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Core Training on Bravo

Case study by Chad Bohls

A standing plank protocol using the Cybex Bravo to aid in a post-therapy shoulder strengthening program

A subject increased maximum abdominal plank time 155% following a five week, post-therapy shoulder strength training program including the Cybex Bravo to perform a standing plank.  The standing plank elicits similar muscle activation compared to a traditional plank, without the requirement of having to support all of one’s body weight.


Chad Bohls, MS, ATC
Fischer Sports Physical Therapy and Conditioning
Phoenix, AZ

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The plank is a common core strengthening exercise that is also demanding of the upper-body musculature.  As a result, this exercise may be difficult to incorporate into a shoulder strengthening program following rehabilitation for a glenohumeral dislocation.  This case study focused on utilizing the Cybex Bravo Functional Trainer to examine the effects of a standing plank exercise protocol on the strength development of a subject rehabilitating an injured shoulder.


The subject was a 57 year-old businessman who is also a recreational golfer.  He arrived at physical therapy with a right glenohumeral dislocation, which he suffered after slipping on wet pavement and falling into a parked car.  Prior to enrolling in this program, the subject performed 18 weeks of physical therapy for his injury. Other than this incident, he’s had no prior history of significant shoulder pain or injury.  After being discharged, the subject transitioned to a post-therapy strength training program.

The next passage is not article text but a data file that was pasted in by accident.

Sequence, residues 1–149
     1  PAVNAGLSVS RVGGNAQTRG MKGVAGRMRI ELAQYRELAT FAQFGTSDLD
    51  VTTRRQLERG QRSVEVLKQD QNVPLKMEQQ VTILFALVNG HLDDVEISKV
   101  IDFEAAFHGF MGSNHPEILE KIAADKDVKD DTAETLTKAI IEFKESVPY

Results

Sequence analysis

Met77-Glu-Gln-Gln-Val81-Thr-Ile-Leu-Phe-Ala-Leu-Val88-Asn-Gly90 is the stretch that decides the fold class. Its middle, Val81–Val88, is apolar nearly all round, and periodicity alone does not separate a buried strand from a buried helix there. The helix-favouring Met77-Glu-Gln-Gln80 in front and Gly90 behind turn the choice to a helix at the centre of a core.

Although the patient had a good prognosis for golf and other activities of daily living, he had limitations with closed kinetic chain exercises, such as upper extremity step ups and pushups.  His limitation seemed to be an overall strength deficit in his upper extremity and core.  Both of these areas were deemed to be essential to his successful participation in golfing activities.  Specifically, the subject could not perform the plank exercise on his elbows and toes without pain in his right shoulder.  Therefore, the Cybex Bravo was utilized to perform a standing plank; this exercise requires similar muscle effort compared to the traditional plank, without the requirement of supporting one’s body weight.  The aim of this case study was to examine the effects of this training program on core and shoulder strength development.


After obtaining written consent, the post-rehabilitative program ensued.  The program consisted of a continuation of the shoulder protocol previously completed, and was combined with a new exercise on the Cybex Bravo Functional Trainer which simulated a closed kinetic chain plank exercise.  This particular exercise was chosen to re-create the torque loading through the spine normally achieved in a plank, but the subject did not have to support his full body weight, allowing for a progressive and systematic increase in loading.